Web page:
Thursday, September 30, 2010

The Morning Pages

Thoughtful Thursdays

Copyright 2010 Valerie Jones

“A mind too active is no mind at all.” ~ Theodore Roethke

Morning pages are something I have come to respect. They helped me on my journey to unblocking my creativity.

Morning pages are three pages of writing in longhand. No computers allowed. Morning pages are not in journal form but rather stream-lining what your mind is telling you. “Oh, I hate to get up. I want to sleep. The dog wants outside. Blah, blah, blah and so on.” You don’t even have to spell correctly or write neatly. Just write. If you can’t think of anything to write, write that you can’t think of anything to write. The words will come.

Write the first thing in the morning before the day starts.

As Julia Cameron states in The Artist's Way, “All that angry, whiny, petty stuff that you write down in the morning stands between you and your creativity. Worrying about the job, the laundry, the funny knock in the care, the weird look someone gave you – this stuff eddies through our subconscious and muddies our lives. Get it on the page. We write to get to the other side.”

“Even if we look like functioning artists to the world, we feel we never do enough and what we do isn’t right. We are victims of our own internalized perfectionist, a nasty internal and external critic, the Censor (satan), who resides in our left brain and keeps up a constant stream of subversive remarks that are often disguised as the truth. The Censor says wonderful thinks like: ‘You call that writing? What a joke. You can’t even punctuate. If you haven’t done it by now you never will. You can’t even spell. What makes you think you can be creative?’”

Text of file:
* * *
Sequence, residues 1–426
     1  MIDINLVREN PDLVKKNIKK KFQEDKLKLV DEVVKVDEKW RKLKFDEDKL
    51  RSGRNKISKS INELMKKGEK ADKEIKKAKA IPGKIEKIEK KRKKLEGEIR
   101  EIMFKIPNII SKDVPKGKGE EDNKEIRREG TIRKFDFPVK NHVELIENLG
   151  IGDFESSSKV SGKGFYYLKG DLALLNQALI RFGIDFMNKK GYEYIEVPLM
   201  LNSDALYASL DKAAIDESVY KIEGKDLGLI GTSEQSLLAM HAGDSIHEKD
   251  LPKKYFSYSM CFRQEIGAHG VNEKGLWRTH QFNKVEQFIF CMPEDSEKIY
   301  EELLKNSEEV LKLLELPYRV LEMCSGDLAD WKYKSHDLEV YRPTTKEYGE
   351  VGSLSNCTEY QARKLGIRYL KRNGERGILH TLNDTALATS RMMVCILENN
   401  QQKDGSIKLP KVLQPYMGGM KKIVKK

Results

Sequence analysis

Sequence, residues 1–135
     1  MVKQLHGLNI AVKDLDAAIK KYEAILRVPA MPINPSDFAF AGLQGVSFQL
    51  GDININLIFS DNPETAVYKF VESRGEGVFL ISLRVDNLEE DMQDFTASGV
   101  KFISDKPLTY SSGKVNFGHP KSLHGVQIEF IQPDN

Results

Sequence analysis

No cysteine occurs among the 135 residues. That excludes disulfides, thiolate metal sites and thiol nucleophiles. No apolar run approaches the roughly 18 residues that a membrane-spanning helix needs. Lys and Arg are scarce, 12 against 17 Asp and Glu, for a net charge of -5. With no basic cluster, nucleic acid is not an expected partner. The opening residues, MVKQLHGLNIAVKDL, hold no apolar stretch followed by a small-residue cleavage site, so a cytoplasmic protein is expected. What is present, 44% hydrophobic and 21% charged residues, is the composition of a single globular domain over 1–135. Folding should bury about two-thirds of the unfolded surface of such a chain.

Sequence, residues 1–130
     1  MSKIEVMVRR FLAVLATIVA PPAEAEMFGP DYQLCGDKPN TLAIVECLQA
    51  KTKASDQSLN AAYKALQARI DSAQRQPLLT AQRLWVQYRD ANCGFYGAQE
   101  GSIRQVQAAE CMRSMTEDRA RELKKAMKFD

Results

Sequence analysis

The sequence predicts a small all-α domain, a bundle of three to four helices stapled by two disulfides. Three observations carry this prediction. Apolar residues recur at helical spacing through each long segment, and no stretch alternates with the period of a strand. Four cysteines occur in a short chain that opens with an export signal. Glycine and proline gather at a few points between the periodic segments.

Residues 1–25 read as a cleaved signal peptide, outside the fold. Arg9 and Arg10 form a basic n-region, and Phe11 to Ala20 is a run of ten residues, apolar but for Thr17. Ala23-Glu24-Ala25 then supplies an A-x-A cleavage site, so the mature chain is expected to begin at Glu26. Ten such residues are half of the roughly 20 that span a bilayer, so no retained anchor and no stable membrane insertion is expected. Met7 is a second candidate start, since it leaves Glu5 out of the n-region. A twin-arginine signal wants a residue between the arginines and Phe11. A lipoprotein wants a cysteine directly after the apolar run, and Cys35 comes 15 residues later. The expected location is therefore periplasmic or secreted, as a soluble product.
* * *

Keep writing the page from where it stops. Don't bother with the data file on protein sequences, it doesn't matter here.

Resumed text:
“Make this a rule: always remember that your Censor’s negative opinions are not the truth. Make no mistake: the Censor is out to get you.”

“Draw your Censor. If a serpent doesn’t appeal to you, you might want to find a food cartoon image of your Censor, maybe the shark from Jaws, and put an X through it. Post it where you tend to write or paint. Just making the Censor into the nasty, clever little character that it is begins to pry loose some of its power over you and your creativity.”

“Beyond the reach of the Censor’s babble we find our own quiet center, the place where we hear the still, small voice that is at once our creator’s and our own.”

Have you heard that still, small voice? I have…It can be found in the morning pages.

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